The March 2016 issue of the Smithsonian Magazine has a very interesting article on Oklahoma City’s Vietnamese community, with an emphasis on the Vietnamese food served in Oklahoma City’s “Little Saigon.” The area around Classen Boulevard between N.W. 23rd Street and N.W. 34th is officially called the Asian District, but the Smithsonian article correctly points out how the Vietnamese refugee community was instrumental in founding it and turning it into the attraction it has become today.
One idea set forth in the article is that the Asian people have a food culture. A quote in the article by the owner of Super Cao Nguyen Market is illustrative of this point:
We’re all big foodies. We eat, sleep, dream food. When some customer comes to us with an idea for some product we should carry, the first thought that pops into our head is, “That sounds delicious.”
In other words, the people behind the good Asian restaurants and supermarkets work hard to make it that way, and this comes from a very strong attention to food that may even range to an obsession with it.
Another very interesting point in the article is how Vietnamese chefs are at the forefront of innovation in developing Asian fusion cuisine and constantly trying to re-invent what Vietnamese cuisine itself should mean, at least as it exists in America. I had already seen the fusion aspect of it in restaurants like Monsoon in Seattle, and now it is taking hold in Oklahoma City in restaurants such as Guernsey Park. Chef Vuong Nguyen of Guernsey Park has now moved on to open Bonjour, a restaurant that is not Vietnamese but which obviously has a Vietnamese influence along with the French fusion typically found in it.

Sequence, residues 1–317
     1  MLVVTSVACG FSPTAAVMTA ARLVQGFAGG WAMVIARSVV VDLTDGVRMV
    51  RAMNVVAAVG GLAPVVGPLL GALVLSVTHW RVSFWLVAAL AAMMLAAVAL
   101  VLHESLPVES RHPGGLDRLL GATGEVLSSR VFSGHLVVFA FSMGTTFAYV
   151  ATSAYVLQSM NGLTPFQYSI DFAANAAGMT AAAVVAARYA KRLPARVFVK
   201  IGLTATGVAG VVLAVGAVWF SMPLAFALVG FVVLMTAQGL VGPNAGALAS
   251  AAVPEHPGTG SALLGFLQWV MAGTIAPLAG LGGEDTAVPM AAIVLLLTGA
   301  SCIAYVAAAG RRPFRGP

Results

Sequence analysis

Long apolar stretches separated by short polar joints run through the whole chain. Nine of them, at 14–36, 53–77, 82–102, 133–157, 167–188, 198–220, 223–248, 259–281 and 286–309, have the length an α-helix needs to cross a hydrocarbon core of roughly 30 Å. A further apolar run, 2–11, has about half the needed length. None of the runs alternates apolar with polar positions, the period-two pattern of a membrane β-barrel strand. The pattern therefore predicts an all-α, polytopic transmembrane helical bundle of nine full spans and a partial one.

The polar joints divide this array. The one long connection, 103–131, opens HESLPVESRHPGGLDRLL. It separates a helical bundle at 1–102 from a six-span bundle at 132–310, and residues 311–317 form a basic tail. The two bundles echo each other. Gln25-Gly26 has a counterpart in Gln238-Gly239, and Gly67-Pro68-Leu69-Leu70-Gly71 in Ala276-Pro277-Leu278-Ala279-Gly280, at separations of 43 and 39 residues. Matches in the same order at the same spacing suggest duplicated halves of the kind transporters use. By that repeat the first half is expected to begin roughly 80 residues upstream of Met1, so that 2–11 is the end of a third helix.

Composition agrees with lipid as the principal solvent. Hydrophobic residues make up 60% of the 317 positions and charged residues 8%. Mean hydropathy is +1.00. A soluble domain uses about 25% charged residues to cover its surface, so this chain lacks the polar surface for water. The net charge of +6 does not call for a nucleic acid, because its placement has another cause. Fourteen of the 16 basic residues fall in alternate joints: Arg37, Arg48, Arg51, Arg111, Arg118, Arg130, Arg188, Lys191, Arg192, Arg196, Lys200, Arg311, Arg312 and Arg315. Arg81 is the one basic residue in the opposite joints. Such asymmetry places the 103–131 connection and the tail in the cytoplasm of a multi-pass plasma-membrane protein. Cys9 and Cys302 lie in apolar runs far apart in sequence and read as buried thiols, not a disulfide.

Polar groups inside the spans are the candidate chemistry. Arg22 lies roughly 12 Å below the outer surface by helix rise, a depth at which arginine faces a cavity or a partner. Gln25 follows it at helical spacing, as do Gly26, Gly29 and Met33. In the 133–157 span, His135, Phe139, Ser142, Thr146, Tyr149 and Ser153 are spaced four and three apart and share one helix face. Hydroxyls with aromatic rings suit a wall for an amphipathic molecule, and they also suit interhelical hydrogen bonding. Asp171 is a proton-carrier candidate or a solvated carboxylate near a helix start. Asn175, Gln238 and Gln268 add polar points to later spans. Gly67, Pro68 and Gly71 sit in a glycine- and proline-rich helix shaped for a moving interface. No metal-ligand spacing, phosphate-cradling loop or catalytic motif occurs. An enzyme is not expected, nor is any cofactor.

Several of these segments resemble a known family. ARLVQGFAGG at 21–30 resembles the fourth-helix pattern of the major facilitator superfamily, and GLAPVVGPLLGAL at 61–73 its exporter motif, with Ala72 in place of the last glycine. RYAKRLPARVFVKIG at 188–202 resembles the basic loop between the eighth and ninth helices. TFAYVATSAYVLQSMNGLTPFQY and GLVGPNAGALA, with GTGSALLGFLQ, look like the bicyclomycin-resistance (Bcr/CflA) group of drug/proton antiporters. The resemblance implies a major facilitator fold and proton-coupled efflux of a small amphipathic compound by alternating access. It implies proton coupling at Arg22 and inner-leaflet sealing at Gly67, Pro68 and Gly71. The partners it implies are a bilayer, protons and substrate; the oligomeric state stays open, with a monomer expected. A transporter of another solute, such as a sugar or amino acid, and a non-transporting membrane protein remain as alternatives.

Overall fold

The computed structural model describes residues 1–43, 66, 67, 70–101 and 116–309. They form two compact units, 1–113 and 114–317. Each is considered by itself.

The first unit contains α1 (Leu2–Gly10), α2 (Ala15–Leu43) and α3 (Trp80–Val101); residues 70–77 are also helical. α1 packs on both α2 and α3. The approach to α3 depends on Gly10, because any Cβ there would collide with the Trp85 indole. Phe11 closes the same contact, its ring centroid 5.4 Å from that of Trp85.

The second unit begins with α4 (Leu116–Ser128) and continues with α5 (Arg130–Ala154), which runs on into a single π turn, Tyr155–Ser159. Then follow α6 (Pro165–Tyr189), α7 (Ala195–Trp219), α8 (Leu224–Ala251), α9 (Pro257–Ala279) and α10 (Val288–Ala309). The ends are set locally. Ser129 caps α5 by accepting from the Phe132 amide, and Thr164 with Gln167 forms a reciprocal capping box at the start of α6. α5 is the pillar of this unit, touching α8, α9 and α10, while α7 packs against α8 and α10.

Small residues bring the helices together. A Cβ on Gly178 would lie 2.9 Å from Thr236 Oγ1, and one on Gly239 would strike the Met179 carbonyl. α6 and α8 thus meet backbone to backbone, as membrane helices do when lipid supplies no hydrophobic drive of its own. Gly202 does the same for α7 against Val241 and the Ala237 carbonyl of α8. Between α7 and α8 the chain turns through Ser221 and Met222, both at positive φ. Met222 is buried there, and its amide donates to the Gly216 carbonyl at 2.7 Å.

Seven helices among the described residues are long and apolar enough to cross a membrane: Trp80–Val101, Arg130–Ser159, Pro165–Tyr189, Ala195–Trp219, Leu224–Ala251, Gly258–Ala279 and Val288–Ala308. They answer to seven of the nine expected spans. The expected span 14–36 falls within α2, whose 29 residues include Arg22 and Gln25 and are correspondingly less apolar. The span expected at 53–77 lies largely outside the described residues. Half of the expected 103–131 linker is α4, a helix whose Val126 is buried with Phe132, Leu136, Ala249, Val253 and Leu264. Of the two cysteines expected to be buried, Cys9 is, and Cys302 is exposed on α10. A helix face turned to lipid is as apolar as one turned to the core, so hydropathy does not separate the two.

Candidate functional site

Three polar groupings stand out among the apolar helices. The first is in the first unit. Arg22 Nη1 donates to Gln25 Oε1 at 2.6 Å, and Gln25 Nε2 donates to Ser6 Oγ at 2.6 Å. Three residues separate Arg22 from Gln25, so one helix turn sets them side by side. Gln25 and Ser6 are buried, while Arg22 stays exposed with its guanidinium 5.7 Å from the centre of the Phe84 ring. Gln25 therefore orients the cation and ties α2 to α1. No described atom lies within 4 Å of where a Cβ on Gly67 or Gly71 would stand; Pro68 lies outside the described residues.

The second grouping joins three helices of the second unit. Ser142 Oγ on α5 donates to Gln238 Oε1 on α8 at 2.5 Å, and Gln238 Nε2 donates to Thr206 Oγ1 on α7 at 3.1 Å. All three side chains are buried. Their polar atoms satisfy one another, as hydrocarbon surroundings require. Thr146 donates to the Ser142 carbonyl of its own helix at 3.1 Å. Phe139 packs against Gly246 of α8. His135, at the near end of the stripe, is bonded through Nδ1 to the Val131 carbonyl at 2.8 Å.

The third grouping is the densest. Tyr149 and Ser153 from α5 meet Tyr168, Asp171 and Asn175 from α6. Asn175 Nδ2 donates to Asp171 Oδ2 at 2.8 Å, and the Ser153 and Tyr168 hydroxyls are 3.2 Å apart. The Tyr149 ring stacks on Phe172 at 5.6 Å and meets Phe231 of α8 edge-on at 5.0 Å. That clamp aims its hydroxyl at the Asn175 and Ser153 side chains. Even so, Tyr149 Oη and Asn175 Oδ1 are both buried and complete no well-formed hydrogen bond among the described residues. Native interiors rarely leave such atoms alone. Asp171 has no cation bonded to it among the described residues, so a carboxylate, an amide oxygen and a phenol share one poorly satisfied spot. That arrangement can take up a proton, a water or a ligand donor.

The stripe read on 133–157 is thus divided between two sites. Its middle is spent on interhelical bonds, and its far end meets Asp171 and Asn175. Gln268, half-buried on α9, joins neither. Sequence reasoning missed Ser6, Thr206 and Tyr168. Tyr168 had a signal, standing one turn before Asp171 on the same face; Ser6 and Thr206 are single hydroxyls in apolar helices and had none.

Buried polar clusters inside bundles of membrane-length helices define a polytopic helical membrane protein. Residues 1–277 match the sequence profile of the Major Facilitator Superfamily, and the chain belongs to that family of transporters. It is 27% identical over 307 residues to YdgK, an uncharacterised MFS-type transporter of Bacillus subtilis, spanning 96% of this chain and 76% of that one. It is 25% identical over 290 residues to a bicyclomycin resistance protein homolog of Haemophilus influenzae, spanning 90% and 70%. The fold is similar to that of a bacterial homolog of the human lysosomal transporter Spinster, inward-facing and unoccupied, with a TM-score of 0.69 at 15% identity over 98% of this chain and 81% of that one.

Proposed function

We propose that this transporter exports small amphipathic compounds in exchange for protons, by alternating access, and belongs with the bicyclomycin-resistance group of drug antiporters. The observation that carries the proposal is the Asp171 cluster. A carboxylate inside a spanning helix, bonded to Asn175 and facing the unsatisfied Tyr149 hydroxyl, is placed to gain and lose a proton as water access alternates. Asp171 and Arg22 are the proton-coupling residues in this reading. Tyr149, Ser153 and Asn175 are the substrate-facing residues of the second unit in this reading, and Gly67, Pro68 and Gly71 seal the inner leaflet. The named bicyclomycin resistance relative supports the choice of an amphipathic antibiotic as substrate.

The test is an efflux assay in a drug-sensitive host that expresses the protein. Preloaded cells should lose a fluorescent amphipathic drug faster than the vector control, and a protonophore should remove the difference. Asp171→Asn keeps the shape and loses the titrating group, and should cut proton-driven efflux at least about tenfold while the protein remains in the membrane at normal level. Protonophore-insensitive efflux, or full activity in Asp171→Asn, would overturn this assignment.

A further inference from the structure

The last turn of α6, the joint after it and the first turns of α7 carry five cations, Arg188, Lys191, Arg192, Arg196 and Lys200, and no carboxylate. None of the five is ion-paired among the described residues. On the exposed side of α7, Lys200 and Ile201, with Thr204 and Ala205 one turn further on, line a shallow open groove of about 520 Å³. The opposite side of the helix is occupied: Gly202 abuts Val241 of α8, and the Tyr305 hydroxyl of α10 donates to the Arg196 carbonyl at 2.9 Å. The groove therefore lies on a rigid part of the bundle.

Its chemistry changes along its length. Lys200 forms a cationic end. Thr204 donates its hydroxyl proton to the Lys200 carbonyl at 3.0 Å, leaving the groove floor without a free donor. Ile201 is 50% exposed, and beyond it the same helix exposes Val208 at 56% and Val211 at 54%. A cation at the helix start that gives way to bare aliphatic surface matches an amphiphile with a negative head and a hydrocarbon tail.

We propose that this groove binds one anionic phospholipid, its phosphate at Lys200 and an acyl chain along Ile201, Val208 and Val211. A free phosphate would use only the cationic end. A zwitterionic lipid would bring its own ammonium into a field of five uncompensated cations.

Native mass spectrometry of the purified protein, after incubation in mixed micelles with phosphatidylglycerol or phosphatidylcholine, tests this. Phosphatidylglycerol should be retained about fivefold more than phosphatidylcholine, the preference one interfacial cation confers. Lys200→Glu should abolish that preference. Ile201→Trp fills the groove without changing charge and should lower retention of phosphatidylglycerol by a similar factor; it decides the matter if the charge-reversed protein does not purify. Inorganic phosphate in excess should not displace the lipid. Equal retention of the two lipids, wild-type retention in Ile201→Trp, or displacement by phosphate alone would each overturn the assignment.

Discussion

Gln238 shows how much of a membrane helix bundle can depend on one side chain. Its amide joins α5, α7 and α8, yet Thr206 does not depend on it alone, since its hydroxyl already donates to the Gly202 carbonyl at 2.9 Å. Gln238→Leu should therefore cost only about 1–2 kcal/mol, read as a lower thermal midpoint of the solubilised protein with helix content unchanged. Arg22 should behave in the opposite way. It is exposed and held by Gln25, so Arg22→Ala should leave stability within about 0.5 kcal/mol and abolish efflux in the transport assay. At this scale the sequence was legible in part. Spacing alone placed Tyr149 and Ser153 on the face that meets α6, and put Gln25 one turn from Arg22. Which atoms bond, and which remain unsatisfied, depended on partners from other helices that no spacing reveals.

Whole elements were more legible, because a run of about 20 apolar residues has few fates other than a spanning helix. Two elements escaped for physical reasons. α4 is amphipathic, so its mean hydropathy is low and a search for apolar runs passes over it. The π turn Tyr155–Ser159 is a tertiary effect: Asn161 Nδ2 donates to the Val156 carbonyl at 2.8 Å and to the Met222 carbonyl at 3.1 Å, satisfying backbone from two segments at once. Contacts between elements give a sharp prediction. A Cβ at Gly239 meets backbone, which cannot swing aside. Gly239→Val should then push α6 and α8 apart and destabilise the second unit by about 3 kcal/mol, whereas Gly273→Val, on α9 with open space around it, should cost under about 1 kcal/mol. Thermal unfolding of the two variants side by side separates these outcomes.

I like the direction Vietnamese cuisine is taking, because rather than trying to Americanize the food they are keeping the authentic cuisine and adding fusion concepts to it. This is in contrast to Chinese food, which was so Americanized when most of us were growing up that I have a hard time every trying to describe to people what authentic Chinese cuisine is supposed to be. I think Chinese restaurants are now following the Vietnamese pattern though–you can get the authentic version, the Americanized version (there is a little bit of Americanization in some Vietnamese food also), or the fusion version (I have not seen much of this in Chinese food but I know it exists).
I have tried to develop some ideas from the article that I think are important to what I am doing on this blog. People may or may not want to get a copy of the Smithsonian magazine for the article, but I think it is a good read and worthwhile if you can find the March issue.
One subject mentioned in the article is that some chefs from Oklahoma City are thinking about moving to other cities, and maybe even doing a stint in Vietnam to learn some of the finer points of Vietnamese cuisine. If (and more probably when) this happens, some cities will likely see major upgrades in the variety and quality of the Vietnamese cuisine being served.